Measuring employee accountability requires setting objective goals you can track, as well as employer responses when you learn the outcomes. The term “employee accountability” means different things to different business people, so you’ll need to define that metric as you develop your workforce monitoring policies and procedures.
Define Employee Accountability
The first step in setting up a method for measuring employee accountability is to define exactly what you want to monitor and track. You might use the word “accountability” simply to refer to outcomes, such as number of units produced per month, number of hours billed per week, sales volumes per rep, phone calls made per week or customer service ratings via surveys returned. Your definition might refer to the ramifications of employee outcomes. For example, if you set a $100,000-per-month sales goal for one of your reps and she only sells $75,000 each month, the employee’s accountability will take the form of your response. The accountability for missing her goal might include expanding or contracting her territory, not giving her a bonus, assigning her a mentor or firing her. The U.S. Office of Personnel Management recommends including rewards, not just punishment, in accountability programs.
Set Goals vs. Outcomes
Set specific objectives for each employee so you can measure performance fairly and accurately. This will help you determine the benefits to the company of reaching these goals, the problems missing these goals cause the business and the response you’ll need to take to address the problem. Work with department heads, each employee’s direct supervisor and individual employees to set the performance goals for which staff members will be held accountable. If you don’t have written job descriptions for each employee, create them to help guide your goal-setting, assist supervisors in managing subordinates and allow employees to understand exactly what’s expected of them.
Analyze Objective and Subjective Performance Metrics
Once you’ve set your goals and objectives, review the performance of your employees. In addition to analyzing objective measurements, such as attendance and outputs, look at subjective performance characteristics. These can include employee innovation, people skills, leadership abilities, teamwork and contribution to company morale. Use a point scale from 1 to 10 to rate how well employees perform in each area. Assign a final score to each employee’s overall performance, based on how each position -- not employee -- performed for the company based on your expectation for the position when you created it.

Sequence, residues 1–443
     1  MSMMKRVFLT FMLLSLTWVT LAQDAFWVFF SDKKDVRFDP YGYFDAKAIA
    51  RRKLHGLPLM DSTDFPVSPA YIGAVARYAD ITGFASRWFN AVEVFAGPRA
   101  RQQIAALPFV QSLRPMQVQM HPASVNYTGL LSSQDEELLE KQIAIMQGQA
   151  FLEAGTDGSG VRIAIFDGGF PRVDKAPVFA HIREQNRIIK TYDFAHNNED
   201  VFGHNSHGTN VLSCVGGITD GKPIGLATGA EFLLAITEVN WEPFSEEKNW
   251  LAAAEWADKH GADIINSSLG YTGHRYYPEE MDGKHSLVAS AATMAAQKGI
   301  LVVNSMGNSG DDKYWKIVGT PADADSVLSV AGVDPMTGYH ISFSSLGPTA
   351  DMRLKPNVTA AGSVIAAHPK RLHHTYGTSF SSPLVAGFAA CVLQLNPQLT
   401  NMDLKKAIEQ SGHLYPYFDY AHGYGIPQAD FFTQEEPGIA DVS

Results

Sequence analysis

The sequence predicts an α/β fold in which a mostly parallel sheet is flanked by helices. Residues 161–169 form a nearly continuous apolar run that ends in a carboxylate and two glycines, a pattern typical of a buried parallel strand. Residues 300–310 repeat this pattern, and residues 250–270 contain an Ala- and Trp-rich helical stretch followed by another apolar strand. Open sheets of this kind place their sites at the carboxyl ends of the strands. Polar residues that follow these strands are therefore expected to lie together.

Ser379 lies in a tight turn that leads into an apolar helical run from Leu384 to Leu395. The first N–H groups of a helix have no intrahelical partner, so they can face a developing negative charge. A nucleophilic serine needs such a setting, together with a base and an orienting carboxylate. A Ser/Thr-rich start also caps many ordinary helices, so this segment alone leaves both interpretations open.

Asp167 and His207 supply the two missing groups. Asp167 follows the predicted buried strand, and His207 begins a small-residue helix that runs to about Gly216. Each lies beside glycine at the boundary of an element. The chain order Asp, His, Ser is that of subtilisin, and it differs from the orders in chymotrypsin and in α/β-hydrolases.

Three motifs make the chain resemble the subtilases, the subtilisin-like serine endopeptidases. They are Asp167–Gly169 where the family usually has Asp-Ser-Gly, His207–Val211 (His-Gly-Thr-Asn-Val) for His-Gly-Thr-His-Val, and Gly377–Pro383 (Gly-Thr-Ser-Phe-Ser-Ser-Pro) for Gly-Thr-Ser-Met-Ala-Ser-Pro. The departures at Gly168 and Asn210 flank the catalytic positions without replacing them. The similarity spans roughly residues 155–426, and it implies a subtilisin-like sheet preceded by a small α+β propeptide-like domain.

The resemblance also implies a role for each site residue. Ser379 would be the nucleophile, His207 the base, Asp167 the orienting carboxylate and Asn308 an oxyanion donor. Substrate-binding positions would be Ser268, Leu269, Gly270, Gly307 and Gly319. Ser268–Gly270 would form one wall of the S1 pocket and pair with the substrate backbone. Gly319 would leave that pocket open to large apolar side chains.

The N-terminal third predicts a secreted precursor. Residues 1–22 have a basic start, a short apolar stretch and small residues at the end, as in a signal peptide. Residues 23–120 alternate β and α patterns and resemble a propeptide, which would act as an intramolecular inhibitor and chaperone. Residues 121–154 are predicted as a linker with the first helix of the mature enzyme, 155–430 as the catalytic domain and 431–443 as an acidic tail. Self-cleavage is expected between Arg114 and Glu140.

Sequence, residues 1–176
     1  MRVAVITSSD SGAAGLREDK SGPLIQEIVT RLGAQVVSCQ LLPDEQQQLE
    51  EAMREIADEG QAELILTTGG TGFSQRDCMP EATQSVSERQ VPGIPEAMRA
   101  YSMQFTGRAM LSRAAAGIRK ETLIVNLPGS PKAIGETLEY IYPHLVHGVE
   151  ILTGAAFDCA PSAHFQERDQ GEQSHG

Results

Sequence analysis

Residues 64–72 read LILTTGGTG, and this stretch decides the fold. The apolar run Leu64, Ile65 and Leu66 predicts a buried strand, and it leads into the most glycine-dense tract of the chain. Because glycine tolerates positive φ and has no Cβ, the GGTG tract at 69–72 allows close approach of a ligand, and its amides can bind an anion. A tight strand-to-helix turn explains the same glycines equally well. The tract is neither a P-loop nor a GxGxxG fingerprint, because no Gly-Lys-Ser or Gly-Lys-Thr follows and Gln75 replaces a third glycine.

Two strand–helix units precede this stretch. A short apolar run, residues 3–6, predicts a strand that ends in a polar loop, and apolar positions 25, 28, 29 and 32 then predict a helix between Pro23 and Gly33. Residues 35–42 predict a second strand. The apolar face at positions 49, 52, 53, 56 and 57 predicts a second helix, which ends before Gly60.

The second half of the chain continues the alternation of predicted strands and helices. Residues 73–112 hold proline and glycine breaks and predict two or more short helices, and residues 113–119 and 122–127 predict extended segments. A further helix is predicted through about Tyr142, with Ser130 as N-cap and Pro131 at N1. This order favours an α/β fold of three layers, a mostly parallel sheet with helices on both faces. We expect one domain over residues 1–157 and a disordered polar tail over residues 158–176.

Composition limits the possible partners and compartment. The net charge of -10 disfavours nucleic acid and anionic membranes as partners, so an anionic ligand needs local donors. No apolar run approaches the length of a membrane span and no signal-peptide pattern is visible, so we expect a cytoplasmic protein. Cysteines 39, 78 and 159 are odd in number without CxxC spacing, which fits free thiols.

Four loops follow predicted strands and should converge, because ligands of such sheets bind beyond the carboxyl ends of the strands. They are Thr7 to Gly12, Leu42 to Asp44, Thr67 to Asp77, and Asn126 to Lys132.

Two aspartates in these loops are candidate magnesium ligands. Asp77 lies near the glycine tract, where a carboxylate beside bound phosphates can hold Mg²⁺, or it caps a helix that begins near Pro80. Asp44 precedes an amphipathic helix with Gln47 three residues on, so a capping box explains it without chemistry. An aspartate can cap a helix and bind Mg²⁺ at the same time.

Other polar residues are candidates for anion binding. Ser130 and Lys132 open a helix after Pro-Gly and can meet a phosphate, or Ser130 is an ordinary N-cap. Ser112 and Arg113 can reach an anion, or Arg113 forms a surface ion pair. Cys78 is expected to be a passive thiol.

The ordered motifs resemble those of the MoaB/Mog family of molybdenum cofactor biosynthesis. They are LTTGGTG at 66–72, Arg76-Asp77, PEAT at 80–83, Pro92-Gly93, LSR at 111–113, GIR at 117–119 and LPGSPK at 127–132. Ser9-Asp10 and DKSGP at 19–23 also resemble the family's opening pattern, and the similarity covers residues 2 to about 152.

Conduct Employee Reviews
Using your goals, objectives, measurements and analysis of position performance, hold an annual performance review for each employee. List the objectives you set for each employee and his position and write the outcomes, possible reasons for them, what response you might need to take based on these outcomes and whether or not you need to reassess the employee’s job description. Get input from managers before you meet with employees, and allow employees to submit a pre-review self-assessment with recommendations.
Sam Ashe-Edmunds has been writing and lecturing for decades. He has worked in the corporate and nonprofit arenas as a C-Suite executive, serving on several nonprofit boards. He is an internationally traveled sport science writer and lecturer. He has been published in print publications such as Entrepreneur, Tennis, SI for Kids, Chicago Tribune, Sacramento Bee, and on websites such Smart-Healthy-Living.net, SmartyCents and Youthletic. Edmunds has a bachelor's degree in journalism.